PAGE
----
1.24 Appropriate public health action will be agreed specifically in response to COVID-19. This will include isolating cases, determining the best approach to isolating residents, reinforcing infection control practices and reviewing the plan if the situation escalates. An appropriate response to PPE, staffing, and controlling visitors will also be agreed. The authorities may need to consider an option that does more to isolate vulnerable individuals who might be at risk of becoming infected and move people to different locations. There are risks on both sides. Many people in care homes are frail, and the move itself is likely to reduce quality of life and in some cases lead to death. It may still be necessary though to make that option available in case it becomes clinically and socially required.

1.25 All care providers can and should look to their local authority and local health services for support. This is true whether the care provider has a contract with the local authority or not.

1.26 Local authorities need to have a clear picture of all alternative local provision that could be used in the case of an outbreak. Where local authorities are unable to meet the emergency needs of a care provider, they should report into their Strategic Coordination Group of the LRF for additional support.

1.27 At present, testing is done on the first 5 symptomatic residents in a care home setting with an outbreak. We can now confirm that we will move to all symptomatic residents in care homes being tested.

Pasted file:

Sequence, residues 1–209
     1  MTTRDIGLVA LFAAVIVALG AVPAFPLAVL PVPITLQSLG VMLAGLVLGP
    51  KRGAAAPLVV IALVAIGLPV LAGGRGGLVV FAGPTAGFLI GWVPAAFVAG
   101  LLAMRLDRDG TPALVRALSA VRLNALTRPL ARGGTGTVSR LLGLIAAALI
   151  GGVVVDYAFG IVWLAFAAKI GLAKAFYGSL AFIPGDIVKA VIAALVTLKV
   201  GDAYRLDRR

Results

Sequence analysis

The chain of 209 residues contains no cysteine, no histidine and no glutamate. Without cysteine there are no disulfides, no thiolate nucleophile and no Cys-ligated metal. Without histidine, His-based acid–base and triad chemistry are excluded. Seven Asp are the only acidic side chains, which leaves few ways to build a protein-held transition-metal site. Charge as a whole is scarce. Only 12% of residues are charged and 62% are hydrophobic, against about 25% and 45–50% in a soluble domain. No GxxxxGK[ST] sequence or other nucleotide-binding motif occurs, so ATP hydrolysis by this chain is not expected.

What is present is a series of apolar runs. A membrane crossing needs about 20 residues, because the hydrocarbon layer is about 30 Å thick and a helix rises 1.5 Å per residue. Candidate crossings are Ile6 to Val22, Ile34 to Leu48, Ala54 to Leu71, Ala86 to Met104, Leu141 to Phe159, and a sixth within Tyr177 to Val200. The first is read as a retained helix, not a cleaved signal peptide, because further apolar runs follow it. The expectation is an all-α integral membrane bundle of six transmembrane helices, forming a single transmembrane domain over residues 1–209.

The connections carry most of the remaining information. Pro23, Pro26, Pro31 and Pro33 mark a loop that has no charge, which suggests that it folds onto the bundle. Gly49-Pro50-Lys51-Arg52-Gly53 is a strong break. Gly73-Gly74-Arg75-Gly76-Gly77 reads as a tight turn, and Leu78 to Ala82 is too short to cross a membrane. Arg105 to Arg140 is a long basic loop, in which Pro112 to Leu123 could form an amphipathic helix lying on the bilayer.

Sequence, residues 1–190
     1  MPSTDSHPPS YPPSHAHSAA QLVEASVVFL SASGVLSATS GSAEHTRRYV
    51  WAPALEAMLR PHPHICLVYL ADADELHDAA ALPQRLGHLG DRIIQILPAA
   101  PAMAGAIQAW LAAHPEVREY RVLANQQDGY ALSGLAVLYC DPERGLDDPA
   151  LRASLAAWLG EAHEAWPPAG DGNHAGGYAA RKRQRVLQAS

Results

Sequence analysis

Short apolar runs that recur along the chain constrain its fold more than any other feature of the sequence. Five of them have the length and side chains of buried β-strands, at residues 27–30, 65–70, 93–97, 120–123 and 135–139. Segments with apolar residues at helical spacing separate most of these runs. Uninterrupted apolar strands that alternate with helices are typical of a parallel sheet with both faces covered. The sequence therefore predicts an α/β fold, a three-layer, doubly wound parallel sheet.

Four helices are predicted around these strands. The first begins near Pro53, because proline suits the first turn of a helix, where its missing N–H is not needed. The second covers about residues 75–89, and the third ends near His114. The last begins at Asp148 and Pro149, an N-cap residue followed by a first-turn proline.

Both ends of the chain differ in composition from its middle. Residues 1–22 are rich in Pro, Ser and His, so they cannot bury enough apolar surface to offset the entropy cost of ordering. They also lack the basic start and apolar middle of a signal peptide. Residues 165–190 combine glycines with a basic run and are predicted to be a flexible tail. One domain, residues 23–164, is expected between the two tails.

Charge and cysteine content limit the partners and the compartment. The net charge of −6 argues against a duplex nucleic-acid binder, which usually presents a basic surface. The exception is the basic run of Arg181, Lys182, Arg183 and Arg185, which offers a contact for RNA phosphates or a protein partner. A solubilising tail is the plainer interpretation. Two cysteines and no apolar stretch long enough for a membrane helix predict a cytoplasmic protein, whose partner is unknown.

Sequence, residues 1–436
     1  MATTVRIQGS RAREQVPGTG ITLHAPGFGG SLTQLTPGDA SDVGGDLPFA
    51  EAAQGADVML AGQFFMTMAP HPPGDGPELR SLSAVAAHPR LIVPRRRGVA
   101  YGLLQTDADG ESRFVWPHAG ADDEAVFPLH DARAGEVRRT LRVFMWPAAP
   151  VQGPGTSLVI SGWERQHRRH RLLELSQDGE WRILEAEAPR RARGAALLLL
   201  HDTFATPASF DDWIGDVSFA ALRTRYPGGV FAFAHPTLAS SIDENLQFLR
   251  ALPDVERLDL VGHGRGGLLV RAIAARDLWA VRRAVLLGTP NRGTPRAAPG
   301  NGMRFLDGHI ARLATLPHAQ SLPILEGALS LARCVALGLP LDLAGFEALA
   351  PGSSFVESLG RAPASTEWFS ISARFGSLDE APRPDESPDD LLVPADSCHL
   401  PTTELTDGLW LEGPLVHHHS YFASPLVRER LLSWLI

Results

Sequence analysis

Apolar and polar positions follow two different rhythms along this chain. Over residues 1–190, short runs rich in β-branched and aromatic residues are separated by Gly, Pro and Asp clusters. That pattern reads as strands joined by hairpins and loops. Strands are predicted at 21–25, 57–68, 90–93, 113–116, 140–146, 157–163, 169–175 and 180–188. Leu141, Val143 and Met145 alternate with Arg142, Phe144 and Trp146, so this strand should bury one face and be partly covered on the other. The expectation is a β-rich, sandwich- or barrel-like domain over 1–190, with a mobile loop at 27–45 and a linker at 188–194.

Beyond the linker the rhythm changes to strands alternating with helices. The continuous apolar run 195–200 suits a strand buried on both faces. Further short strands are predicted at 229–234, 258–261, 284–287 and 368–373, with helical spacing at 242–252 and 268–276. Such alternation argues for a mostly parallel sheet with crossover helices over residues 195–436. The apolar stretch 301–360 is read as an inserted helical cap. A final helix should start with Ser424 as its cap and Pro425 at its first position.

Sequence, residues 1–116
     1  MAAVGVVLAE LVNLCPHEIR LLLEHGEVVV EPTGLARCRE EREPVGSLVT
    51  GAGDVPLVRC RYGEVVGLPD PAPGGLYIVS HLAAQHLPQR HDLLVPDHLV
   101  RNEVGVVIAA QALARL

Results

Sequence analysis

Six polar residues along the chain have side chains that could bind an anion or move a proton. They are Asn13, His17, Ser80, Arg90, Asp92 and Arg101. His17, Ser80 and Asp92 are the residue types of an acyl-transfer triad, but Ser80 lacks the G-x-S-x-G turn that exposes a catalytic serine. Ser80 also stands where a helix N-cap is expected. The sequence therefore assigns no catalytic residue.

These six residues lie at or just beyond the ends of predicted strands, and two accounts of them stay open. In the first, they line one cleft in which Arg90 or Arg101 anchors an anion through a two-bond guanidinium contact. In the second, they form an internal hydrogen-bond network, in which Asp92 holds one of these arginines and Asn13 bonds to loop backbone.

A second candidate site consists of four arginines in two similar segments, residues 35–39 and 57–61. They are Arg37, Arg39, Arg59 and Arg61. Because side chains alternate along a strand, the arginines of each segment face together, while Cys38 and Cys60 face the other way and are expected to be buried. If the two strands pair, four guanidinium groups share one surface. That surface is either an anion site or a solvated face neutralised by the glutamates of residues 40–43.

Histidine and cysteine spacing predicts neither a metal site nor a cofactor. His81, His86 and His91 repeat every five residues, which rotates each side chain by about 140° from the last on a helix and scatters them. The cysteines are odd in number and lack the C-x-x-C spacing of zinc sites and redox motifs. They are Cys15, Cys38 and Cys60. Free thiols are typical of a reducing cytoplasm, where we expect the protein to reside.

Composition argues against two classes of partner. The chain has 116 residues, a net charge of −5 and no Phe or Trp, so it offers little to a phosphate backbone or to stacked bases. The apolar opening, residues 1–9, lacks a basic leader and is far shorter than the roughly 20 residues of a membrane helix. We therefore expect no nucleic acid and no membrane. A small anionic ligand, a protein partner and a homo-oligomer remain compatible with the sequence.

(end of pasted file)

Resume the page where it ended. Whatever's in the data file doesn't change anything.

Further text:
Safe discharge from the NHS to social care settings

1.28 The UK government with the NHS set out its plans on 17 March 2020 to free up NHS capacity via rapid discharge into the community and reducing planned care.

1.29 Many of the individuals who will be discharged from hospital in the days and weeks ahead will be recuperating from COVID-19, some of whom will require ongoing nursing or social care. Timely discharge is important for individuals so they can recuperate in a setting appropriate for rehabilitation and recovery – and the NHS also needs to discharge people in order to maintain capacity for acutely ill patients. Any patient who does not need an NHS bed will continue to be discharged in line with the current Discharge Requirements with continued due regard to their safety and the safety of those with whom they will have contact after discharge.